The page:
Home Office: steps to change

19 July 2010

20 July 2010 | Lindsay Clark

As central government is told to make yet further savings, Lindsay Clark hears about how one department is changing the procurement culture

The challenge for public procurement could not be greater. In the UK, government departments must come up with proposals to slash budgets, in some cases by as much as 40 per cent. This demand is made in preparation for the autumn spending review from a chancellor bent on slashing record government borrowing.

While procurement professionals expect demand management to play a vital role in reducing spending (which is set for an average cut of 25 per cent in departments outside health and international aid) buyers must have some way to extract more from shrinking budgets.

According to John Collington, Home Office group commercial director, one problem is that departments still struggle to get accurate information on and control over spending. When he joined the Home Office in 2006, this was the exactly the situation he faced and has since worked to improve. “Less than 40 per cent of spend was under management,” he told the conference Central Government Efficiency: More with Less, “but that situation exists elsewhere [in government today].”

So what did he do? First, he had to recruit skilled purchasers. “It’s difficult to hire quality procurement resources in Central London because you’re competing against the City and management consultants. We opened a centre of excellence in Newport and hired from the private sector.”

In addition, he supported training programmes, including CIPS qualifications, for existing staff.

Having worked for Accenture, Collington was well positioned to observe the difference in buyers in the public and private sector. “In Accenture, staff were more confident than they were capable; in the public sector, people are more capable than they are confident. If you give them confidence, by putting them up for awards and so on, they can compete with the private sector.”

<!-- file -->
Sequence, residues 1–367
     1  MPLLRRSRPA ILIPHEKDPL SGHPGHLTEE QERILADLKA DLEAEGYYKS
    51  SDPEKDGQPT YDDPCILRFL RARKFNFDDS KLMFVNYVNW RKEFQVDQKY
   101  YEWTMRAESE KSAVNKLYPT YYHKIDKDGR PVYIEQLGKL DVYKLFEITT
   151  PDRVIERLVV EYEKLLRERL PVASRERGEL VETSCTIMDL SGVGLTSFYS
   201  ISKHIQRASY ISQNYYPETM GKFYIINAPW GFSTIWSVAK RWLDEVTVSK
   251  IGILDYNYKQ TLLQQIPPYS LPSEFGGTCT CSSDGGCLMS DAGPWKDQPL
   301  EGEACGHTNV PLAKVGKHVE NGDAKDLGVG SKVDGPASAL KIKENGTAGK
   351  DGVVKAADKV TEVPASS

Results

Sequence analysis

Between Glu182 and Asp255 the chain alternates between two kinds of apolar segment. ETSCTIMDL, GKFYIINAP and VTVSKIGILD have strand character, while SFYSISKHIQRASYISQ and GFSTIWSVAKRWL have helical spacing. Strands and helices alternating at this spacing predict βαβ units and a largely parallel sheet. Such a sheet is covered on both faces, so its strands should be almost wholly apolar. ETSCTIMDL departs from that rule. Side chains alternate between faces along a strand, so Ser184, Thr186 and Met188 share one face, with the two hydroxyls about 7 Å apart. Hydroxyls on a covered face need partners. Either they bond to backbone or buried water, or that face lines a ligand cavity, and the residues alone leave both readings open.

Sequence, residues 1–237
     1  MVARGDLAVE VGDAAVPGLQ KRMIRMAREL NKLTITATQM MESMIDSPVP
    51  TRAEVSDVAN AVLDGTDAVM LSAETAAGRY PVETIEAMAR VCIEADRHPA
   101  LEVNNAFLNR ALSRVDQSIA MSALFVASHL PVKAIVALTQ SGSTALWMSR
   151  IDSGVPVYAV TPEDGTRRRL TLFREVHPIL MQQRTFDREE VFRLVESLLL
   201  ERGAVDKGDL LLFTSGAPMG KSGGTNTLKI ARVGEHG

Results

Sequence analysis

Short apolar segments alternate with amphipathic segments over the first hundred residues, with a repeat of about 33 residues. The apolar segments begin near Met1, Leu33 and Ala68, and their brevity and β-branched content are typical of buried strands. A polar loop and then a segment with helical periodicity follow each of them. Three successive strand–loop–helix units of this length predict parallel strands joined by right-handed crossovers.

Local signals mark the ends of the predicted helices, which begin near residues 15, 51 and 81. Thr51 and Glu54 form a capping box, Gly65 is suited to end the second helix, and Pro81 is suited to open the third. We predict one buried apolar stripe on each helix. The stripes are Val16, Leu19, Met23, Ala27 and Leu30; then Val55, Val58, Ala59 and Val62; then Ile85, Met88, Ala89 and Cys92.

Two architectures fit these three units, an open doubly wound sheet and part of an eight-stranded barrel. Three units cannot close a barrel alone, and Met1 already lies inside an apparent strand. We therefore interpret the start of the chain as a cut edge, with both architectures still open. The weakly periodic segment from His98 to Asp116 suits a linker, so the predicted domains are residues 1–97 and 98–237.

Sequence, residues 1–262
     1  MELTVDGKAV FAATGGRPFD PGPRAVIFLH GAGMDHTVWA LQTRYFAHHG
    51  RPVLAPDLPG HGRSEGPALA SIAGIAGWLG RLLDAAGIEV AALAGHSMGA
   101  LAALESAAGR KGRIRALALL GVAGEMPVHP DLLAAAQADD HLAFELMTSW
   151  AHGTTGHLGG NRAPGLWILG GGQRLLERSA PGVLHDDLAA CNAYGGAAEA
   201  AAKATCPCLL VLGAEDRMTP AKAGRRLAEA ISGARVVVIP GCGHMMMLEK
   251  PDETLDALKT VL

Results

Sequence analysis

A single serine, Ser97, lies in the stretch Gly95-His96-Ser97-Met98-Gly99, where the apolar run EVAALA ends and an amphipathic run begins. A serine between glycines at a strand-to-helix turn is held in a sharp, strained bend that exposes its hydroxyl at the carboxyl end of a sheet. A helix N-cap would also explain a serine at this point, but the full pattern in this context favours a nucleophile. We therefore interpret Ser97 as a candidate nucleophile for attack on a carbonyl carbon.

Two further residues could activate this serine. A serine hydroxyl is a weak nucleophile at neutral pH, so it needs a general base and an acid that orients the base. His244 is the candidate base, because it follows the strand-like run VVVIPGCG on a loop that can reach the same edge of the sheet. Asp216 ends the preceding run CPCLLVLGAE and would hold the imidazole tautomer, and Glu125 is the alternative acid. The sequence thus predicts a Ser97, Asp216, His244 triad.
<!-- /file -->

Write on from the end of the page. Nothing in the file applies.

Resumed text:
The Home Office also had to improve its management of contracts. “We tended to issue contracts and let contracts, but we weren’t very good at managing them. I never came across the term ‘let and forget’ until I came to the Home Office. How did we manage transactions with suppliers? ‘That’s the job of accounts’ was the answer.”

Similarly, the department was not exactly proactive in nurturing a strong relationship with its top suppliers. “We spend £110 million a year with Fujitsu, but had never seen the chief executive. We need to know the top suppliers at chief executive level.

“With suppliers you have to build trusting and respectful relationships; that makes them more likely to deliver long-term sustainable value.”

The final key problem to address was access to spend data itself. Through an Oracle-based finance and procurement system, the Home Office now has greater visibility of purchasing and 80 per cent of spend under management.

But herein lies a warning of the difficulties departments could face. Collington did not refer to this, but the roll-out of the Oracle system (which was prior to his arrival) was not exactly smooth. In 2006, the National Audit Office said the department was unable to reconcile its cash position during 2004-05 because of problems with the finance module of the system, underlining the interdependency of successful IT and purchasing projects.

Nonetheless, Collington said the overall procurement transformation programme had saved £243 million over three years. “Procurement can make a difference, and procurement transformation supports change in other departments,” he said.

Procurement now has the opportunity to increase its influence because political leaders are listening. Cabinet Office minister Francis Maude is set to mandate collaborative procurement across government, and existing contracts with top suppliers are to be renegotiated. Collington said of him: “Francis Maude: he gets this.”

The public spending cuts run to 2014-15, and are bound to meet ardent public protest, meaning the drive of people like Collington will be severely tested.

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